Music Review: Steven Curtis Chapman Delivers a "Glorious Unfolding"

In itself, Steven Curtis Chapman’s The Glorious Unfolding may be the best testament to the message it carries: God’s plan for our lives will be revealed soon enough, even if nothing makes sense today. Fans know the chart-topping Christian music favorite traveled a long, challenging road in recent years to arrive at this batch of new songs, and the eternal wisdom each one contains outshines any temporary darkness that may have inspired them.

Most noticeable from the start is how The Glorious Unfolding marks a return to creative form that made Chapman’s heyday albums from The Great Adventure to Speechless such exciting events in his genre. The title track has a familiar shape as the singer shares God’s quiet message in the verse (Don’t try to figure it out / Just listen to what I’m whispering to your heart) then punches into full voice for the anthem-designed chorus. After a spate of hit collections, re-recordings of said hits, a third Christmas project, and an exclusive Cracker Barrel set, it’s a relative treat just having Steven Curtis completely back in his sweet spot.

Sunny first single “Love Take Me Over” is sweet indeed. Unique in its playful rhythm, acoustic arrangement, and sing-along melody, the track encourages listeners to be intentionally aware of how much God loves them. “Take Another Step” (not far removed from “Carry On” by Fun.) is another all-cylinders-firing piece for anyone paralyzed by what you don’t understand. It also sets a stage for the remarkable “Finish What He Started,” a master class of thoughtful songwriting and production that seals the set’s energetic first half while moving toward the softer second act.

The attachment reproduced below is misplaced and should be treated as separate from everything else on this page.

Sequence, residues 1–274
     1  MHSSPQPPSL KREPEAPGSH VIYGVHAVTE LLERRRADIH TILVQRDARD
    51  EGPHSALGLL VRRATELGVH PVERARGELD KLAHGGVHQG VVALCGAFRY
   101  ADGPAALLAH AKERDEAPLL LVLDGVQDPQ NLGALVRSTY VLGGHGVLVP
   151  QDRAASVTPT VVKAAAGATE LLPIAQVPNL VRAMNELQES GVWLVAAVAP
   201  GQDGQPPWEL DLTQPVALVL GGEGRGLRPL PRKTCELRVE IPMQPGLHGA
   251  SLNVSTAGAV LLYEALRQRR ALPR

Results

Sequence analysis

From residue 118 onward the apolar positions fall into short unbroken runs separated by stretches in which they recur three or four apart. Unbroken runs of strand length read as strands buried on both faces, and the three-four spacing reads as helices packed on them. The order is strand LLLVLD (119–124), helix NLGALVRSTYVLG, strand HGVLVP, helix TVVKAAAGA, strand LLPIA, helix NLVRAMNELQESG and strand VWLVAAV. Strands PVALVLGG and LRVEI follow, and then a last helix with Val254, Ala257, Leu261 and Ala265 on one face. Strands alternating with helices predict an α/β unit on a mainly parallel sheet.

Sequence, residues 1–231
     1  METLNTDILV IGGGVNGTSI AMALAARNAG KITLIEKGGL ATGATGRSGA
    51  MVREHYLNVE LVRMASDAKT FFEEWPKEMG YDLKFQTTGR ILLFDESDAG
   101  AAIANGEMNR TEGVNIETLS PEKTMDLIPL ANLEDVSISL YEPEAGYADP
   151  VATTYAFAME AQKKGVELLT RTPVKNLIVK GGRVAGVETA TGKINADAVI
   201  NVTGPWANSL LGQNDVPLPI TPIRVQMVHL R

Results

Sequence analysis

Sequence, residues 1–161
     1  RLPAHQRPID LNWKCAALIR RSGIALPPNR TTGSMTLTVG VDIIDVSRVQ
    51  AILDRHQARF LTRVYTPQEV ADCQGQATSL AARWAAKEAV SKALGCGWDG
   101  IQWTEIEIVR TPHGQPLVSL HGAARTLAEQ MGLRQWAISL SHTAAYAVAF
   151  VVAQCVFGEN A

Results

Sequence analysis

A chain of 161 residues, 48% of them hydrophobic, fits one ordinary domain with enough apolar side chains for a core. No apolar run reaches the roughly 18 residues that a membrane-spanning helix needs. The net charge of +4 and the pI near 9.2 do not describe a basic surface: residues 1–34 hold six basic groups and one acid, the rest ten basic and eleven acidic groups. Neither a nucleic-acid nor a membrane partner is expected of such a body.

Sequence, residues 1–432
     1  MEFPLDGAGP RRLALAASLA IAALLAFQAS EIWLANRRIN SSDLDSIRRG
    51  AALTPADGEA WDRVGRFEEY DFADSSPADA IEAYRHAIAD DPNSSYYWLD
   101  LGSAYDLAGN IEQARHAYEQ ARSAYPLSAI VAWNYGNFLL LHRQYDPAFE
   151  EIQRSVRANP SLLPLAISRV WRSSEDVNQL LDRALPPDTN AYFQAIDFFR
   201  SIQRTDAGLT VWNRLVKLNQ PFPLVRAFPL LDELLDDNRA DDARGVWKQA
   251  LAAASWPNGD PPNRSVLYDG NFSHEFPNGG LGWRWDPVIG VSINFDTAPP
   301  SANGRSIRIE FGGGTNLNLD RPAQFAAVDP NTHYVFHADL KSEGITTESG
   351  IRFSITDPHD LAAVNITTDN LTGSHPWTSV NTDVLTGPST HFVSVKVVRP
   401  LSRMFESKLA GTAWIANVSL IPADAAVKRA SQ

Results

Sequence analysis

As always, Steven Curtis writes to his family. “Only One and Only You” is for his 13-year-old daughter and shows a clear Billy Joel influence; any parent of teens will relate to this sweet piano-led selection. The slowly symphonic “Together” is for his wife and says well what spouses feel after they’ve raised kids through good and bad. The bright-sided “Michael and Maria” speaks to such tragedies as losing children and powerfully admits: Right now if we’re all honest we don’t like God’s higher ways, but we are trusting Him because what else can we do?

Finally, “Sound of Your Voice” and “Feet of Jesus” are soul-centering standouts, the former guiding us to hear the songs You’re singing over all this noise. We should all be listening.

*This Review First Published 9/18/2013

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